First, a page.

Perceptions of Medical Marijuana In The Healthcare Industry
Posted by Nd Epka on Aug 13th 2020
Doc Patels CEO and Founder, Dr. Rachna Patel, is a world-recognized expert in the field of Cannabinoid Medicine and she’s been following the trends of medical marijuana and other cannabinoids such as CBD since 2012. By staying up to date with the latest news and studies surrounding Cannabinoid Medicine, our team at Doc Patels is able to better help others looking to understand the world of cannabinoids and other alternative medicines.
With the different uses and benefits of medical marijuana coming to light over the years, below you’ll find a study that analyzes the perceptions of medical marijuana in the healthcare industry among joint doctors to get a better understanding of public opinion. This study is relevant because it helps us better gage what people think about marijuana in today’s society and how that can affect the future of the healthcare and cannabis industry.
Cannabis has been used centuries for the treatment of pain. However, its recent criminalization has led to a lack of research into its effectiveness leading to ignorance and hesitation about its dosage and administration by medical providers. This has led to limited use in the medical field, apart from terminally ill patients and those with cancer. Public perception is changing this as more patients inquire about the use of medical cannabis. This in context of a growing chronic pain issue across the globe has led to renewed interest in treatment alternatives such as medical cannabis. Doctors at the forefront of this battle, those such as joint doctors and pain specialists, are now trying to balance public desire to know more about medical cannabis with the need to maintain medical integrity and professionalism. The following study took several joint doctors also known as rheumatologists, and surveyed their perception on the use of medical cannabis in Israel to better understand public opinion and next steps going forward.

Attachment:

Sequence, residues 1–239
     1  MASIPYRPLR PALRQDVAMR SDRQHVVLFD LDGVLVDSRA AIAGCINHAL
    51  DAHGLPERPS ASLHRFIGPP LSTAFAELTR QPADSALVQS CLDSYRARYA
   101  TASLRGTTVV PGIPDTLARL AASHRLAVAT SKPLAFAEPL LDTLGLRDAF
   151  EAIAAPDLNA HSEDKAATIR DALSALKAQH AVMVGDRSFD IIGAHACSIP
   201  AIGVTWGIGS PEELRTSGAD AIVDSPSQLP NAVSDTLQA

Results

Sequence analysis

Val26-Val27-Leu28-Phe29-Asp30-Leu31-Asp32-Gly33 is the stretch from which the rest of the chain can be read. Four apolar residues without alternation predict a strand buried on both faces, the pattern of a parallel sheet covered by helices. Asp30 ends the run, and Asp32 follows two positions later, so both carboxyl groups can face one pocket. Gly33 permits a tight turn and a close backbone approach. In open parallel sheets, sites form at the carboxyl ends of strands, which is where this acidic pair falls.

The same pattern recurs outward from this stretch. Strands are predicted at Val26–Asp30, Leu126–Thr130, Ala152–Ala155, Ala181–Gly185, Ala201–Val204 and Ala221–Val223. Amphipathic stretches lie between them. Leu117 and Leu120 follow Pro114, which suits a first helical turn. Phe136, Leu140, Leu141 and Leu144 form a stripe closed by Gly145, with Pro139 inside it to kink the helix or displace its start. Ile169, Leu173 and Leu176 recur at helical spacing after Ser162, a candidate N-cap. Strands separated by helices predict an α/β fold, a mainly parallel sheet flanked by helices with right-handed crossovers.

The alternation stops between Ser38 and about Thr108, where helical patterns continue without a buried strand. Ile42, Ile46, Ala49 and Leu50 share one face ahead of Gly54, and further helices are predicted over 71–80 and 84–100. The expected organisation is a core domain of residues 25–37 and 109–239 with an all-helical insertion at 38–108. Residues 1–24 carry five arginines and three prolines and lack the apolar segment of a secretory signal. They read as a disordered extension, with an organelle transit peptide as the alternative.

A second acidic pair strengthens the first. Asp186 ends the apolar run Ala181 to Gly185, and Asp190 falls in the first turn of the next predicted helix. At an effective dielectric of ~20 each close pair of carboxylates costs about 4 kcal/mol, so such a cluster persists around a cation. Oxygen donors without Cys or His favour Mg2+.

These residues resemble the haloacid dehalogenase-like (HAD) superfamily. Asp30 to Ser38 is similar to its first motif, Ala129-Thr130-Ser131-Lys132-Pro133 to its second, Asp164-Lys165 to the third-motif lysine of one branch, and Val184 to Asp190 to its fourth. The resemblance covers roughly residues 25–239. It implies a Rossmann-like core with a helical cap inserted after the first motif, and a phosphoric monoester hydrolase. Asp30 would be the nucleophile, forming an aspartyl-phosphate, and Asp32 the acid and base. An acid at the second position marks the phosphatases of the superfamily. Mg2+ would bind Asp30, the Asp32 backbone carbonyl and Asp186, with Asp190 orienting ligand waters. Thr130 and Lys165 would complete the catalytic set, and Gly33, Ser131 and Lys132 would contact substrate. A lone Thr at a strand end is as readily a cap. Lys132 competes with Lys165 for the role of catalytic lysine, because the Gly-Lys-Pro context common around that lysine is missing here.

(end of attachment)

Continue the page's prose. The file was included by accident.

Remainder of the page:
The Israeli Society of Rheumatology sent a 3 part online survey to its 119 members requesting information on responders demographics, perception of medical cannabis and its variants, and patient interactions regarding medical cannabis. The survey was adopted from a Canadian survey and was translated from English to Hebrew by one of the authors of the paper.
Surveying yielded a 19% response rate with the responders consisting of mostly male attendings and residents older than 35 at academic institutions for more than 10 years.
Results revealed that 74% of responders were not confident with their current knowledge of the various cannabis molecules, known as cannabinoids, while 22% felt somewhat confident.
74% of respondents believe that cannabinoids could play some role in management of joint pain compared to 17% who did not, and 78% were not confident writing prescriptions.
82.6% of the responders did say that they would consider medical cannabis when conventional modes of treatment had failed, with 61% previously prescribing some form of cannabis to patients.
Israeli rheumatologists lack confidence and have significant concerns regarding the use of medical cannabis, however still remain open to its use.
These results were comparable to the results of the Canadian survey of its basis, which revealed about a 75% lack of confidence in cannabinoid knowledge and ability to write a prescription.
From there, the similarities stopped with a less favorable view of cannabis from the Canadian perspective. Candaian providers had a decreased support for cannabis role in treatment reporting 30% versus the Israeli 48% for the “some role in treatment” metric and 28% versus the Israeli 83% for using cannabis when other treatment modes fail.
These differences suggest a greater worry of the uncertainties of medical cannabis in Canada due in part to rapidly changing legislation and lack of evidence on the subject matter.
Despite the varying views on cannabis use by rheumatologists it is important for providers in the field to be knowledgeable of the subject to best treat their patients. Furthermore with limited effectiveness of the currently approved treatment options and a growing population of cannabis users it is prudent that rheumatologists take the lead on researching the optimal response and long term effects cannabis has on joint pain management.
Nd Ekpa - "I completed my undergraduate studies at Franklin & Marshall College and am currently completing a dual degree in medicine and business at Penn State University. I have spent most of my pre-clinical years working with patients with chronic diseases which is where my interest in alternative forms of pain relief began. I hope to continue to develop this interest as an Emergency Medicine physician."